This report illustrates what a reliable, resilient, decarbonised electricity supply system could look like in 2035, and the steps required to achieve it. It provides new insights and new advice on how such a system can be achieved by 2035, using real weather data and hourly analysis of Great Britain’s power system (Northern Ireland is part of the all-Ireland system). It also looks at the implications for hydrogen.
- A reliable, resilient, decarbonised electricity system can be delivered by 2035. This is needed to deliver emissions reductions in line with the path to Net Zero, while ensuring a reliable and resilient electricity supply and substantially reducing the UK’s dependence on imported fossil fuels.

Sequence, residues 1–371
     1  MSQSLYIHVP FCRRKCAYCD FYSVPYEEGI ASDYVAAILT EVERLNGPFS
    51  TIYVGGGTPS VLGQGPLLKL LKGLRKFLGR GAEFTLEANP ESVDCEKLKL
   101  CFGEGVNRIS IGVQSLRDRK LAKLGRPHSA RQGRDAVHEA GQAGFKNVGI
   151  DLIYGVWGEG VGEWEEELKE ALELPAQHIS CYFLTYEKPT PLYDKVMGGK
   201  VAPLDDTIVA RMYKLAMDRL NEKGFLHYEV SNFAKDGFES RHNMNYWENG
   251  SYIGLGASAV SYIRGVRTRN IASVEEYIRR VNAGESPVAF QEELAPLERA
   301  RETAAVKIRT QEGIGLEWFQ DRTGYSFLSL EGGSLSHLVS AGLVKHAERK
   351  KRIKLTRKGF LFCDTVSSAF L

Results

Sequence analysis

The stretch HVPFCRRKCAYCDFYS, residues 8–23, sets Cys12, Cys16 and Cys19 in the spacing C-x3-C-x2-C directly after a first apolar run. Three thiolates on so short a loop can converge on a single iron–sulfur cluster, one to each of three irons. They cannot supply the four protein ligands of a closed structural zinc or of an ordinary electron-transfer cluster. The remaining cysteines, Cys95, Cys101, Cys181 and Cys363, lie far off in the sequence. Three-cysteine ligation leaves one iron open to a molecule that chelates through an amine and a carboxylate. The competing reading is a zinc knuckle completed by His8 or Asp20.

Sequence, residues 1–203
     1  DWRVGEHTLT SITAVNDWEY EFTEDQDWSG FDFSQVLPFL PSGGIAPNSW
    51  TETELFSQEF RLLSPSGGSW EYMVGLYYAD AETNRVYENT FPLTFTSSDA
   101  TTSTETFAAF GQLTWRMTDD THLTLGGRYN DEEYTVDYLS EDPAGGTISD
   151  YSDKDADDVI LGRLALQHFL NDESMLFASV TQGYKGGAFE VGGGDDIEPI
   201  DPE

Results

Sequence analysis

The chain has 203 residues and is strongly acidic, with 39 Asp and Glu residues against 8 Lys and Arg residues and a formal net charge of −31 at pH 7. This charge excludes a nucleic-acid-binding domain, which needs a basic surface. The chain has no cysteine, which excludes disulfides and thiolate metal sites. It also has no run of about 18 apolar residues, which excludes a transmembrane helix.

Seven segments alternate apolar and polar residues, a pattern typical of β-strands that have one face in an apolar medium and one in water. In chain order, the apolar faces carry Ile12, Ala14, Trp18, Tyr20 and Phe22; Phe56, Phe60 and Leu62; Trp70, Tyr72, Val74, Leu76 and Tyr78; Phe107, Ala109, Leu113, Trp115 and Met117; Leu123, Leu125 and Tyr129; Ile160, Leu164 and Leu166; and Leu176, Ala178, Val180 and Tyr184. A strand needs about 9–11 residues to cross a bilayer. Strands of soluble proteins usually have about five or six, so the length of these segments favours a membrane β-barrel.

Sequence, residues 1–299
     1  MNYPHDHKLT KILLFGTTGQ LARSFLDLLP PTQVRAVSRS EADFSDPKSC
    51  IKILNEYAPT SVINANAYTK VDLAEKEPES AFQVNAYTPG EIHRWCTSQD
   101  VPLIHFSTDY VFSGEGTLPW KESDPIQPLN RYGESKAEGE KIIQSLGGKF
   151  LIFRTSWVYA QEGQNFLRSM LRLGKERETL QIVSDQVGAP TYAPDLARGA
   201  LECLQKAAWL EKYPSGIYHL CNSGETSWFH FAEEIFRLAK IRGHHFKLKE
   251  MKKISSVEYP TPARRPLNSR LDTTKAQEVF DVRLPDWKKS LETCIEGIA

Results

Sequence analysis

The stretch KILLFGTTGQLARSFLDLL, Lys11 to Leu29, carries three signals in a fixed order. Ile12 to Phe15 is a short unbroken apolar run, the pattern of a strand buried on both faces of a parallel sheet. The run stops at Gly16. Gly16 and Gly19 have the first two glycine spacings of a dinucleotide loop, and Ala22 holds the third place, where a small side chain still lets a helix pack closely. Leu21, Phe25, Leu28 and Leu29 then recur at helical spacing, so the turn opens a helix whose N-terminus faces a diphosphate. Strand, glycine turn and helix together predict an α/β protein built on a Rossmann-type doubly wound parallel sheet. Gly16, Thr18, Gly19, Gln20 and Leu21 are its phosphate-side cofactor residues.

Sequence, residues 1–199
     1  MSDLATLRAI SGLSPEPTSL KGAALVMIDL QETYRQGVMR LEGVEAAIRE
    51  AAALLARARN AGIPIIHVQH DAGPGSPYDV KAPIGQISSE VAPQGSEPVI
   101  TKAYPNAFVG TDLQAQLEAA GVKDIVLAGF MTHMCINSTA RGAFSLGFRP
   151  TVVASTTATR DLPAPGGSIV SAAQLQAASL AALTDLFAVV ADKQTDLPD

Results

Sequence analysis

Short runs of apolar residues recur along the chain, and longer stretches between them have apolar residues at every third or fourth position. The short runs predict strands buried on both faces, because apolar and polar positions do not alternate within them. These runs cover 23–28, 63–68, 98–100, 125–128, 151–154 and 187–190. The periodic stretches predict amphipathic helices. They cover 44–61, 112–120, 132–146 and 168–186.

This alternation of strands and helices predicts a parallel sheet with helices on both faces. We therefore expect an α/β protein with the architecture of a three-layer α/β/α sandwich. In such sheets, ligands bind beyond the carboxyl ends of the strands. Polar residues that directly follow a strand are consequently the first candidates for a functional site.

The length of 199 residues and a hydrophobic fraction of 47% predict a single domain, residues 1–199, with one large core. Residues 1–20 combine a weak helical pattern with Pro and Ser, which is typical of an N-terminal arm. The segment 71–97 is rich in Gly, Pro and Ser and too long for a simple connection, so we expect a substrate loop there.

- The Government must give equal focus to low-carbon flexible solutions as to the full delivery of its existing renewables and nuclear commitments.
- Decarbonising and expanding the electricity system will rapidly reduce the UK’s dependence on imported oil and gas, reducing in turn our exposure to volatile international prices.
- Transforming the electricity system provides opportunities for growth. Currently, over 31,000 people across the UK are employed in offshore wind alone – this is set to rise to 97,000 by 2030, driven by £155 billion in private investment, with further investment and employment in solar and onshore wind.
Supporting information, charts and data